Wednesday, November 30, 2011

Upgrading My Powered Subwoofer for Hi-Fi

I had been supplementing the low end on my ol' hi-fi with a crappy 30-watt powered subwoofer that came with some boxed surround sound set I purchased a number of years ago. It uses an 1/8" jack for input and drives a 4.5" (I think) woofer in a 4th order bandpass enclosure, like this:
However, the sound was pretty lackluster and failed to really produce anything much below 50 Hz, so I decided to kick it up a notch with some spare equipment I had laying around.

The stock woofer was highly inefficient when trying to play low frequencies, and was prone to "chuffing" (the sound air makes when it is quickly pushed out of the port hole) at higher volumes. The subwoofer's amplifier, however, is quiet (no humming, even with the volume cranked) and I like the simplicity of the 1/8" input (fewer wires jumbled up behind my setup), so I decided to bypass the crappy stock speaker and use the amp to drive a more capable bass speaker.

I had a spare Electro Voice EVM-15L driver with matching enclosure that I used for playing bass guitar, so I cut a 1/4" patch cable in half to get at the bare signal/ground connections without damaging the existing enclosure (in case I decide to use it for bass guitar again at some point) and disassembled my little subwoofer enclosure.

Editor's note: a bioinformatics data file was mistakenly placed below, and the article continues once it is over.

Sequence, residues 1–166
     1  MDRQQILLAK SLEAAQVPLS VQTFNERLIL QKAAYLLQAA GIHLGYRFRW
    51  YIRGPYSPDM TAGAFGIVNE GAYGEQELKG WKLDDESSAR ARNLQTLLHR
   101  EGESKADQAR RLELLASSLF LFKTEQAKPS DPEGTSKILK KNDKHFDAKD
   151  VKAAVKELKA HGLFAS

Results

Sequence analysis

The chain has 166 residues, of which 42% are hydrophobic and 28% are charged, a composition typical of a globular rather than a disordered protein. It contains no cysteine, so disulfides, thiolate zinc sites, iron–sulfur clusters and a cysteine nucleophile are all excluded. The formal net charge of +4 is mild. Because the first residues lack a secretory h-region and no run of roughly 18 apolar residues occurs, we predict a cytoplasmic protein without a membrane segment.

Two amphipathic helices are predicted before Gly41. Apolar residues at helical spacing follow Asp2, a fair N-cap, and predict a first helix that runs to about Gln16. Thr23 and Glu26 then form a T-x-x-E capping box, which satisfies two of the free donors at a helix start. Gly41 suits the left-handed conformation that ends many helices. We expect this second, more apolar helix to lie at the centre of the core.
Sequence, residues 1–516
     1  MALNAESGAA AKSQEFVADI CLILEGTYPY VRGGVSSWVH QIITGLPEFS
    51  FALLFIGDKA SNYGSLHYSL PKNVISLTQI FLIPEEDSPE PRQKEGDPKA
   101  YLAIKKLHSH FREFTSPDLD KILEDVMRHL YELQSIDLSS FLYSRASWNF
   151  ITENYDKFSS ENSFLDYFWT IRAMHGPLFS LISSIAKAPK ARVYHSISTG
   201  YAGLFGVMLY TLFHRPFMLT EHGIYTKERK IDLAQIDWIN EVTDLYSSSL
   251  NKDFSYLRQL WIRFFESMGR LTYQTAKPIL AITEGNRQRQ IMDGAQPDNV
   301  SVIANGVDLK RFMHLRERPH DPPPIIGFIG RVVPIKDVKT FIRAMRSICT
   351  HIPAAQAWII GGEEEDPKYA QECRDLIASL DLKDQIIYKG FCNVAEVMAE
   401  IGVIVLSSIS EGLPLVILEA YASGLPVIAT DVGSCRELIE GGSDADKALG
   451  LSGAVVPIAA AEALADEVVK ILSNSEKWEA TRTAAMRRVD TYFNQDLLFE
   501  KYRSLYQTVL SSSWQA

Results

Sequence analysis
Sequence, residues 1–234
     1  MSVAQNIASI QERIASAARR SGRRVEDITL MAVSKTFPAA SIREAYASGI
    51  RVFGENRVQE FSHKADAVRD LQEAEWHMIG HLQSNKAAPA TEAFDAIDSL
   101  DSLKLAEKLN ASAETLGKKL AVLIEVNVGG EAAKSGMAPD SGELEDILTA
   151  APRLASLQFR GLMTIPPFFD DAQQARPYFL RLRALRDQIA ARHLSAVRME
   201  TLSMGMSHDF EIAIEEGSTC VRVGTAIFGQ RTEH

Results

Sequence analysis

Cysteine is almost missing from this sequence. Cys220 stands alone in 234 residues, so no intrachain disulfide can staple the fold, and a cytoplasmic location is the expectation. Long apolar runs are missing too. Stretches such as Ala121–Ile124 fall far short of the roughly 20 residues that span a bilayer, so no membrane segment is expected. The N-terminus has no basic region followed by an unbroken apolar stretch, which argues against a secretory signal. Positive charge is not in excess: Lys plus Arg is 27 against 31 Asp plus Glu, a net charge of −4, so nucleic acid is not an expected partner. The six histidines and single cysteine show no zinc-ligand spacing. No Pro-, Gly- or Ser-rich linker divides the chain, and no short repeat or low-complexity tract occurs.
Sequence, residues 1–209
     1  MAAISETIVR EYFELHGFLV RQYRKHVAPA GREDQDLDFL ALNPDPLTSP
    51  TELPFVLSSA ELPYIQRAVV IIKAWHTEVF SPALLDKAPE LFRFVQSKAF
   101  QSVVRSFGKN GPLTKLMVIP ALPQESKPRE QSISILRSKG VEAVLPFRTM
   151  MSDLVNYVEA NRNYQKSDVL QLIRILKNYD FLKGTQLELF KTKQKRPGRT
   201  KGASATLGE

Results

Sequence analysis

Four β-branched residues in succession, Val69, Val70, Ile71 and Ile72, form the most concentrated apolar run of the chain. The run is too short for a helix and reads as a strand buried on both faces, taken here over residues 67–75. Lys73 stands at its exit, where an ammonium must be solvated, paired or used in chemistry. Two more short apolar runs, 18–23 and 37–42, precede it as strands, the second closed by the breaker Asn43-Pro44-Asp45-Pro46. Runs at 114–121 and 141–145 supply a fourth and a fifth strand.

The subwoofer amplifier stage is mounted on a plate that came off easily after removing 8 little screws. A single wire connected the amplifier to the crappy stock speaker, so I cut that and pushed it to the outside of the enclosure to power my EV 15".

At this point, I could have removed the amplifier plate entirely from the old enclosure and woofer, but I didn't want to have a bunch of bare circuit boards laying around, so I routed the aforementioned cut-wire out through one of the screw holes and then screwed the plate back into place on the enclosure.

Unfortunately, when I connected the now-liberated amplifier to my EV 15", I experienced a lot of clipping, even at low volumes. I suspected that this might be a problem with the impedance of the driver not matching up with that of the stock driver, so I wired a spare 8-ohm resister in series with my EV, which fixed things right up. Now, it sounds great and has much more volume than I could ever want/need (the EV's SPL at lower frequencies is, unsurprisingly, far greater than the stock driver's).

The bass is smooth, punchy and you can feel it in your guts, unlike the piddly, flatulent sounds of the stock configuration. I've heard a lot of audiophiles say that "pro" audio gear is inappropriate for hi-fi use, but my experience demonstrates otherwise.

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